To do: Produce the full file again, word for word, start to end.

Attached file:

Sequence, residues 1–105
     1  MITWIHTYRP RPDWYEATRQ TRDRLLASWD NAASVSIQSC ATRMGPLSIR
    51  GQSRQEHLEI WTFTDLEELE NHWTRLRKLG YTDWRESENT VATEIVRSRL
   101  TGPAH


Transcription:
Sequence, residues 1–105
     1  MITWIHTYRP RPDWYEATRQ TRDRLLASWD NAASVSIQSC ATRMGPLSIR
    51  GQSRQEHLEI WTFTDLEELE NHWTRLRKLG YTDWRESENT VATEIVRSRL
   101  TGPAH